Rafael Navarro Cintra is a solution architect focusing on quality control & DevOps and a former Scrum master with vast experience in software development for banks and other large financial institutions. He talks about why automated testing is so important and why it should be done first.
Table of Contents
Simplifying automated testing: the psychological aspectHow to make automated testing easier? Let’s talk about the psychological aspect of this task — three cognitive loads. We need to:
- Simplify the internal cognitive load: the test team should not waste time learning how automated testing works. These tests should be simple, like “I press the button, and it all works.”
- Reduce external cognitive load: your test and QA team should understand that it may be difficult to learn how the test automation framework works, but it will later help them focus on the main thing, i.e., delivering a quality product to users.
- Maximize Relevant Cognitive Load: You give your team a framework and all the tools that must be easy to use. It allows your workers to focus their efforts on generating innovative ideas and increasing their work efficiency.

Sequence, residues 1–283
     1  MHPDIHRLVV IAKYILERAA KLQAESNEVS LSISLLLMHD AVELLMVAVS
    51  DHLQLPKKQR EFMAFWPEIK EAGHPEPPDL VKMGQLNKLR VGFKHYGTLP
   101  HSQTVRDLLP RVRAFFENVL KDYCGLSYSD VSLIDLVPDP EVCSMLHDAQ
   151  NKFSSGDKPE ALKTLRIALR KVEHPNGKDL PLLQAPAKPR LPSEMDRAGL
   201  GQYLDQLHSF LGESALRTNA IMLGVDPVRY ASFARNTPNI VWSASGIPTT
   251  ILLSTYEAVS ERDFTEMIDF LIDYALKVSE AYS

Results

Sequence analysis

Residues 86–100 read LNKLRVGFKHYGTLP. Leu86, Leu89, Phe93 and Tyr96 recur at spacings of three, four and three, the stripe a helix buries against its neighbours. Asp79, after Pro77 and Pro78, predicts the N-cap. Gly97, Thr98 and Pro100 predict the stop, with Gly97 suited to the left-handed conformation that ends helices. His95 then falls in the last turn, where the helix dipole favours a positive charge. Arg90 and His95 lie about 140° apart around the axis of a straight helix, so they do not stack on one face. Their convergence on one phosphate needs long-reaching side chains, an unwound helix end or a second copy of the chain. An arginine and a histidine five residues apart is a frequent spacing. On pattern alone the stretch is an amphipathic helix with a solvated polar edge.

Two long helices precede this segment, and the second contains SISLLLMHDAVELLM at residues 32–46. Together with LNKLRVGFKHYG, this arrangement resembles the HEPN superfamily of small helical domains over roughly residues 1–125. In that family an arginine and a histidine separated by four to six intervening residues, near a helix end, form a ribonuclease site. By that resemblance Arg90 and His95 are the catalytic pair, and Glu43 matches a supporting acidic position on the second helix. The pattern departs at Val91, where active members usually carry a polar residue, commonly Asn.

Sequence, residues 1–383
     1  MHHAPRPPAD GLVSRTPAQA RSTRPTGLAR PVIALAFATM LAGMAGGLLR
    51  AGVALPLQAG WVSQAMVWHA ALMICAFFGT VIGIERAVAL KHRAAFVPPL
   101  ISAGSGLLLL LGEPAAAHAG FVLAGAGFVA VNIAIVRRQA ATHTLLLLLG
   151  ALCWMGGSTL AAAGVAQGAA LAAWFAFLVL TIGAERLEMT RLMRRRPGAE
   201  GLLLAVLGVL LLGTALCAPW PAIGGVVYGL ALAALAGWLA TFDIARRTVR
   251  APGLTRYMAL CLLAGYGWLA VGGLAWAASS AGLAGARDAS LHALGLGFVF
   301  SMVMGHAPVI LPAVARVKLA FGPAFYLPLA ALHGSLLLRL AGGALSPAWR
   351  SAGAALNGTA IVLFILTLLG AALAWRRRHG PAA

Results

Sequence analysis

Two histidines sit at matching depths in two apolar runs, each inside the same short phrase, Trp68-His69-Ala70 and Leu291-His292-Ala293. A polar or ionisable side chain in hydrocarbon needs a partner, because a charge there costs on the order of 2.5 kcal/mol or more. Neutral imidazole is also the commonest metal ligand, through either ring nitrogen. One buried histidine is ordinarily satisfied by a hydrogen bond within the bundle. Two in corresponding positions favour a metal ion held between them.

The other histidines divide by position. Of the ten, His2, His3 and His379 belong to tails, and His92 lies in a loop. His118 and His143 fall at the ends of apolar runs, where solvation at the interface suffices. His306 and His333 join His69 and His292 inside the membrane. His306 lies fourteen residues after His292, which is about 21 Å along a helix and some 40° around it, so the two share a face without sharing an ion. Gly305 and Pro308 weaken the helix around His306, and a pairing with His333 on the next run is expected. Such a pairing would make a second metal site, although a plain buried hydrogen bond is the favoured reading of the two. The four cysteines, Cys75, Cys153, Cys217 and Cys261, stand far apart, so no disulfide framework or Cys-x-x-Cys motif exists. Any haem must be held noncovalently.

Platform as a ProductA platform includes self-service API catalogs, tools, services, knowledge bases, and support services. It’s a solid product that testers and QAs really want to use. The main idea is not to force testers to automate processes but to convince them to do it voluntarily.
Goals of Simplifying Test AutomationSimplifying automation allows for significant improvements in flexibility, performance, and quality. Profit for teams:
- Decreased time spent on tasks that help achieve main goals.
- Reduced downtime.
- The possibility to anticipate and prevent future problems.
- Reduced time to complete tasks.
- Faster product release and troubleshooting.
Automated Testing as a ServiceLet’s say you already have a framework, but you want to know where to go next. Here are 3 main steps: Where to start
- assemble the team and roles of its members;
- request and validate permissions;
- compare mission and goals;
- define the criteria of success and the ultimate goal.
- find your customers and their pain points;
- refine your initial backlog;
- use a short experimental cycle;
- compare, refine, experiment (continuous MVPs).
- define a baseline, what to measure and how;
- determine your goals;
- use incremental and continuous cycle.